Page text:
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Title: Inter-city co-operation and competition : the role of transnational urban networking in the European entrepreneurial city
Author: Barber, Austin Ralph Gray
Awarding Body: University of Birmingham
Current Institution: University of Birmingham
Date of Award: 2004
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This thesis investigates an apparent paradox in contemporary urban policy in large European cities: the rise of transnational co-operation between city administrations at the same time as they engage in urban entrepreneurialism - the pursuit of growth policies driven by the perceived imperative of inter city competition. The thesis explores this development in two ways. First, by examining how and why this co-operation is undertaken in major cities, and the factors that shape this involvement. Second, by exploring the implications for wider relations between European cities and particularly the dynamics of urban competition at the transnational scale. These questions are approached through a multi-disciplinary framework that adopts a city-based perspective and is applied through a comparative case study analysis of Munich, Lille and Birmingham. The evidence highlights the important role that national contexts, local political cultures, economic circumstances and spatial considerations play in influencing the form and rationale of co-operation undertaken in these cities. It is evident that cooperation as adopted by city administrations does support entrepreneurial strategies and policies that are underpinned by competitive motivations. However, the nature of this support suggests that it is contributing to a more sustainable, less destructive form of urban competition. It is argued that co-operation can be seen as part of a collective ambition to "grow the market" for major cities in term of economic and related terms. In some respects, this may be associated with new dimensions of territorial competition between large cities and other types of places in Europe. Overall, the research suggests that relations between Europe's major cities, including inter-city competition, are more complex than is often portrayed, and that this is reflected in aspects of urban policy in these places. The thesis findings point to future avenues of research linking the territorial development of the European Union, transnational urban relations and the direction and form of urban policy undertaken by decision-makers in Europe's large cities.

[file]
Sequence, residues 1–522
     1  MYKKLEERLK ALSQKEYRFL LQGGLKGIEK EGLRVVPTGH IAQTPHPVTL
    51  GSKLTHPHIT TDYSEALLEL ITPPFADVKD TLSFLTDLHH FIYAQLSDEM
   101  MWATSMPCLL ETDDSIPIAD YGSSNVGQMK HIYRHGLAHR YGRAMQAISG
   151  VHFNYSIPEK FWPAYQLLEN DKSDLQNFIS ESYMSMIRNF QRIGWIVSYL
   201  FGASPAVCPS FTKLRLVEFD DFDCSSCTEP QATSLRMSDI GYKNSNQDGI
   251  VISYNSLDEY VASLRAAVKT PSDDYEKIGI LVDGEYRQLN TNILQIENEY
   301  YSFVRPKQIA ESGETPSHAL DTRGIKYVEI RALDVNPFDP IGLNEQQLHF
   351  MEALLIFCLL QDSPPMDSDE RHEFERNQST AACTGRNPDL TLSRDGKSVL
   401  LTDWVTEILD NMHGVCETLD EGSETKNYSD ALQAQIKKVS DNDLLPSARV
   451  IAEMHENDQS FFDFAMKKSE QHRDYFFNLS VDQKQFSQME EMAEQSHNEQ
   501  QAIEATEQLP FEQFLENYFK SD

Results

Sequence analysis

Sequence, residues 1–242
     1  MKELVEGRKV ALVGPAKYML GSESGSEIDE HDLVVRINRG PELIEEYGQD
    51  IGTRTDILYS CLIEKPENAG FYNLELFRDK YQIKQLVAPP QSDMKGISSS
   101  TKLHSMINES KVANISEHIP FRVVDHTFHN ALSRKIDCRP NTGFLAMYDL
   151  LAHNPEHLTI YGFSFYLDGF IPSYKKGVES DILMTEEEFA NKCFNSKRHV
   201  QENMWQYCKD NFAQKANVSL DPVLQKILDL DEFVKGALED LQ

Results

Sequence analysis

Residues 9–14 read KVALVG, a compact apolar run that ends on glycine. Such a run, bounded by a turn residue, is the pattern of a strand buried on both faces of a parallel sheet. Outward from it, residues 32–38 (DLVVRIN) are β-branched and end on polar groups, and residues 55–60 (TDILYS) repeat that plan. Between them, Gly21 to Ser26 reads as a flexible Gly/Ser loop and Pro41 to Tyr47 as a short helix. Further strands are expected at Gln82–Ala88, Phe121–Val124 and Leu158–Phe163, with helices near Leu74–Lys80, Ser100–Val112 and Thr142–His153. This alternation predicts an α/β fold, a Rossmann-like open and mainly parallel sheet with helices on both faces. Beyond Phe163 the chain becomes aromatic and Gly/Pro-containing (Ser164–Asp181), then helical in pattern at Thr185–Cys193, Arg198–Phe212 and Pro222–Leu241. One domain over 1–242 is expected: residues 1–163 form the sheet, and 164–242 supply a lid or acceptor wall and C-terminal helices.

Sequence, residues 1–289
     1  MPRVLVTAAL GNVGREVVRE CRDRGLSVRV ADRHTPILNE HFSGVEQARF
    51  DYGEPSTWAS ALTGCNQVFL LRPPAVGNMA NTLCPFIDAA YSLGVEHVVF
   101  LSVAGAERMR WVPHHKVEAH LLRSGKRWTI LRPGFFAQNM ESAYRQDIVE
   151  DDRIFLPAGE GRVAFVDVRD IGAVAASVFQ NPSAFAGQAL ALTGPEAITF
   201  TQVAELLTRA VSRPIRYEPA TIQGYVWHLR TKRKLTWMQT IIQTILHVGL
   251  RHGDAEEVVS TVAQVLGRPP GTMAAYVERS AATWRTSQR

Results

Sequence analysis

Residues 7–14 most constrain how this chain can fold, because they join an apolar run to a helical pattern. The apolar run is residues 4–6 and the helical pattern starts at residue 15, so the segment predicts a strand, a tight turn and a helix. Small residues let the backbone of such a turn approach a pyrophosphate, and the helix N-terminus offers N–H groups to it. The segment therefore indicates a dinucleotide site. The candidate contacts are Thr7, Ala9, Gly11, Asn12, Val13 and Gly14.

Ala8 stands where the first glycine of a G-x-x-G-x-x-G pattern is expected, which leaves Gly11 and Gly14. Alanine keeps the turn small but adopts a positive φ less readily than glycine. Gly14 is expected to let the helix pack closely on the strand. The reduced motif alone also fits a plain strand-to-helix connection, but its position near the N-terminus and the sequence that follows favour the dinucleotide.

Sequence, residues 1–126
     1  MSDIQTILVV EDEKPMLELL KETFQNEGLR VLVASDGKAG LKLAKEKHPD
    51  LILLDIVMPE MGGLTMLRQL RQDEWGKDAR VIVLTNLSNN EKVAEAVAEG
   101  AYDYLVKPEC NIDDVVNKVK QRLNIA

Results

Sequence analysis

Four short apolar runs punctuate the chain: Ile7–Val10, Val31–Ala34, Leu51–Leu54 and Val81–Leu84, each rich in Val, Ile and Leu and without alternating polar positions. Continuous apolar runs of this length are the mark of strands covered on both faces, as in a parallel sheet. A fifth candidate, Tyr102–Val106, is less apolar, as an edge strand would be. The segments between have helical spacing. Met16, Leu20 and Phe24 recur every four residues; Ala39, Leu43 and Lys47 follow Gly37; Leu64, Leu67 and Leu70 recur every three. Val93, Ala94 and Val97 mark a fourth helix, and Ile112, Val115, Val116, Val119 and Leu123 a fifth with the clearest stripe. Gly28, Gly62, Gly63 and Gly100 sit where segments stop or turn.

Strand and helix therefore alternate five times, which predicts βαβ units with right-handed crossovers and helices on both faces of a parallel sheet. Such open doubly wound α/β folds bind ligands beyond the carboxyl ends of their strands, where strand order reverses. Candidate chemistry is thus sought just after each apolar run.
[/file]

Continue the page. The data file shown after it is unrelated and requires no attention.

Supervisor: Not available Sponsor: Not available
Qualification Name: Thesis (Ph.D.) Qualification Level: Doctoral
EThOS ID:  DOI: Not available